Department: SpE
Section: Space Systems Engineering
Supervisor: C.J.M. Verhoeven
Promoter: E.K.A. Gill
Start date: 1-4-2010
Funding: STW
Cooperations: UTwente, ASTRON
The power system
Attitude control and locomotion
Communication, intelligence and control
The payload
An end-of-life device
These can function almost independently, and should be
present in one form or other in any swarm satellite. The
end-of-life device is a special addition, to comply with
space-junk regulations, as satellite swarms will contain
many potentially unreliable elements, which would need
How to design the most basic swarm satellite (for the
OLFAR swarm)
This is the crucial question. A novel systems engineering
approach has been proposed, and it is being applied to the
OLFAR element requirements as defined by the OLFAR
team. Monte-carlo simulations of the lifetime estimates
have been performed for OLFAR-like swarms and swarm
satellites, rendering a tool to define the system- and
element (useful) lifetime, taking reduced operational states
into account, as well as the element reliability.
One such result is shown on the right. The satellites in this
siumation had an expected internal component lifetime of
around 3 years, which results in a useful lifetime of less
than 0,4 years, and an extended lifetime up to 0,45 year.
This lead to the conclusion the swarm satellite design used
in this model is fundamentally flawed, and an improved
version is currently being investigated.
Swarm lifetime simulation result for a swarm
of 100 satellites
Progress and Objectives
• Currently, a workable definition of a satellite swarm is
defined, and the impications are being investigated. This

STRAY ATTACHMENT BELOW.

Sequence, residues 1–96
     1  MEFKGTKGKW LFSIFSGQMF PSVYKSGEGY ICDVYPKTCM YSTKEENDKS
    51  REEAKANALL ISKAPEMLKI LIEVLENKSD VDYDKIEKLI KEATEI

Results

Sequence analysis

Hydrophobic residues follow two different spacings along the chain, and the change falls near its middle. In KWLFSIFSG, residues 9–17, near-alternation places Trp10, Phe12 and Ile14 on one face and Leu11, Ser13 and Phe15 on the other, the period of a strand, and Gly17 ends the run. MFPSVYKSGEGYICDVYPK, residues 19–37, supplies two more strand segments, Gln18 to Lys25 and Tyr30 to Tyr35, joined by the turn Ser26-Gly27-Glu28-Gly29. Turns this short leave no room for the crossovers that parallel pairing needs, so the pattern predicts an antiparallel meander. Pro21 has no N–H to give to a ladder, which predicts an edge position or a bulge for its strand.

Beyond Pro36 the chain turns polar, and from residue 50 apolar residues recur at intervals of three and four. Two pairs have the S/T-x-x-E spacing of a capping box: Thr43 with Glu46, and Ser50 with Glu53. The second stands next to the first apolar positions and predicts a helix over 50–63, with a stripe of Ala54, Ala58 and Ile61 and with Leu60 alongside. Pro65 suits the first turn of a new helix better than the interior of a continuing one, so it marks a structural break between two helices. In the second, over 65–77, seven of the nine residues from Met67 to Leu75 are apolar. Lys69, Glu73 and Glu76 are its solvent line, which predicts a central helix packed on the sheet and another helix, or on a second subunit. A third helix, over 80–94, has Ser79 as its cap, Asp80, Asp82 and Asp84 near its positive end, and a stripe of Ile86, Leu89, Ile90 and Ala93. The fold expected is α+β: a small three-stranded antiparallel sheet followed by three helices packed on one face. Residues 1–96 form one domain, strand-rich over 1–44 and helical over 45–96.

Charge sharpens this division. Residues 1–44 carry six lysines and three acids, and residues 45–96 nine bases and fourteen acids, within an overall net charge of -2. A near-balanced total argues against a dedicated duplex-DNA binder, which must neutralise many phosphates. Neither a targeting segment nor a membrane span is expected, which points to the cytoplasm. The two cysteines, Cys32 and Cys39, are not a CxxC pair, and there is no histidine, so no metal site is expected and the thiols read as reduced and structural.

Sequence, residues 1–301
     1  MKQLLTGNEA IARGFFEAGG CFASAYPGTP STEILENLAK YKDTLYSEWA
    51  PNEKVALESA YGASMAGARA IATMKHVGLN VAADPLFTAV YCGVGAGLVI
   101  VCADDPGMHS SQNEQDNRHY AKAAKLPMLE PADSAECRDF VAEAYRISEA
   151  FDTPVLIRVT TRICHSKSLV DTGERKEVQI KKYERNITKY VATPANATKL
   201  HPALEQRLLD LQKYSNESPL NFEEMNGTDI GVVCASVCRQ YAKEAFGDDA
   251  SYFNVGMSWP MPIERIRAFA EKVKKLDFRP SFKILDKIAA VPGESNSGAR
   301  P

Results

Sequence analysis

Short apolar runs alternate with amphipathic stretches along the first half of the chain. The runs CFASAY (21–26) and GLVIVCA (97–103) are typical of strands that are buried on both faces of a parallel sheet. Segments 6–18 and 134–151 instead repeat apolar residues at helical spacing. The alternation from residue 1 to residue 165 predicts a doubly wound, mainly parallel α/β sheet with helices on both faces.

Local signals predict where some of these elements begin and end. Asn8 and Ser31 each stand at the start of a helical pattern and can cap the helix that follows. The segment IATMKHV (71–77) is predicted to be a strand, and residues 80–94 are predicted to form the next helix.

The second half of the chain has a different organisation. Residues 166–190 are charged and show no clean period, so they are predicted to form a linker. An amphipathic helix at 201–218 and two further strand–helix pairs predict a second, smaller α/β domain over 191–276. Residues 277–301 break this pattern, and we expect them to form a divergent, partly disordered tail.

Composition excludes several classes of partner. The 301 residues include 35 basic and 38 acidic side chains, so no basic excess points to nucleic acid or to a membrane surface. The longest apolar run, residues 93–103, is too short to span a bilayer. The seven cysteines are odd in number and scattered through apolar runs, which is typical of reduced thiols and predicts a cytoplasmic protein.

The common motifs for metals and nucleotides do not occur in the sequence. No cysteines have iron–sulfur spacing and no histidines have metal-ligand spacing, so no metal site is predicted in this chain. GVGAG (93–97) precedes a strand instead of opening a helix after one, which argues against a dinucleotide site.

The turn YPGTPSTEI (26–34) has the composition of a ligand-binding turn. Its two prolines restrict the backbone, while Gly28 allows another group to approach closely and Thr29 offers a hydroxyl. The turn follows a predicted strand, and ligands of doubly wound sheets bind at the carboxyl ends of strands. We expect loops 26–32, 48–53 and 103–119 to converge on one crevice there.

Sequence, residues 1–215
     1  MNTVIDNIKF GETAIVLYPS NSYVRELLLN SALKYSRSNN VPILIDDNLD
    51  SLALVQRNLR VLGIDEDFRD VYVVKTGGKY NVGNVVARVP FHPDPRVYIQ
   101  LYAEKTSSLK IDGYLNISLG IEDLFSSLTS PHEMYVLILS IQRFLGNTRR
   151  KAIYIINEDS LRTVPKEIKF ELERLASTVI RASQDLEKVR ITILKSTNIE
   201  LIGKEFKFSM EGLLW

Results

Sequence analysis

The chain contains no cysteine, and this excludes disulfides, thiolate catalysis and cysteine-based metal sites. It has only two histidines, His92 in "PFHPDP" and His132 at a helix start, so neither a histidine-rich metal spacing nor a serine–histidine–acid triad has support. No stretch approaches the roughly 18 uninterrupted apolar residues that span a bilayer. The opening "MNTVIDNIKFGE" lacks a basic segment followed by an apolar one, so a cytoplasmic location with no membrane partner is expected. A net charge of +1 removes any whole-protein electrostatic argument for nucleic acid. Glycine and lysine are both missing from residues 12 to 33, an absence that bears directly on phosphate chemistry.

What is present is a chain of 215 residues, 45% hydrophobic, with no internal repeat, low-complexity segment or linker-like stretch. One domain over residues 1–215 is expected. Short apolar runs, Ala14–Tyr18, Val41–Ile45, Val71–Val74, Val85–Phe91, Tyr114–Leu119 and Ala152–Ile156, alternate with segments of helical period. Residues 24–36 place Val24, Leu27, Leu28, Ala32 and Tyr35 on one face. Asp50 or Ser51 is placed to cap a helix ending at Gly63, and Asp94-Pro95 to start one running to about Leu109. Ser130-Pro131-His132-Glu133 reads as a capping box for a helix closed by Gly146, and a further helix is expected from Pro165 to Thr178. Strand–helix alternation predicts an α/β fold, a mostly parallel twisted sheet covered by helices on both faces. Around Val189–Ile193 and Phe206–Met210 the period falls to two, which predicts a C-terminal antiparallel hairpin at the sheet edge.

would, in time, allow for an unambiguous distinction
between the different types of distributed satellite
• A novel systems engineering approach, tailored to
satellite swarms, has been proposed. It will still have to
prove its merits , yet initial results are promising.
• A throughough invesitgation into the reliability aspects
of using low-cost (nano-) satellites in swarms has been
performed, and is submitted to a Journal for peerreview. The tools developed will allow tailoring the
element design to the lifetime and relibaility
requirements of the overall swarm.
• The OLFAR satellites are currently undergoing their
preliminary design phase. Crucial elements, such as the
payload, are being developed. Those will be tested in
pathfinder missions, which will also determine the RFI
environment in the various candidate orbits.
• Using a satellite swarm for OLFAR is extremely
promising, but a lot of additional research and design
has to be performed before the mission can be
launched. Precursor missions are therefore already
being outlined.
Select publications
- S. Engelen, E. Gill, C. Verhoeven, “On the reliability of spacecraft swarms”, Proceedings of the 4S Conference, Portoroz, Slovenia, 2012
- S. Engelen, E.Gill, C. Verhoeven, “On the Reliability, Availability and Throughput of Satellite Swarms”, IEEE Transactions on Aerospace and Electronic Systems (March 2013, Paper
- C.J.M. Verhoeven, M.J. Bentum, J. Rotteveel, B. Monna and J. Guo, “On the Origin of satellite Swarms,” Acta Astronautica, 68 (7-8). pp 1392-1395, 2011. ISSN 0094-5765
- E. Dekens, S. Engelen, R. Noomen, “A Satellite Swarm for Radio Astronomy”, IWSCFF 7th International Workshop on Satellite Constellations and Formation Flying, March 13-15, Lisbon,
- S. Engelen, C.J.M. Verhoeven and E.K.A. Gill, “Systems Engineering Challenges for Satellite Swarms”, IEEE Aerospace Conference, March 5-12, 2011, Big Sky, Montana, US
- R.T. Rajan, S. Engelen, M.J.Bentum and C.J.M. Verhoeven, “Orbiting Low Frequency Array for radio astronomy”, IEEE Aerospace Conference, March 5-12, 2011, Big Sky, Montana, US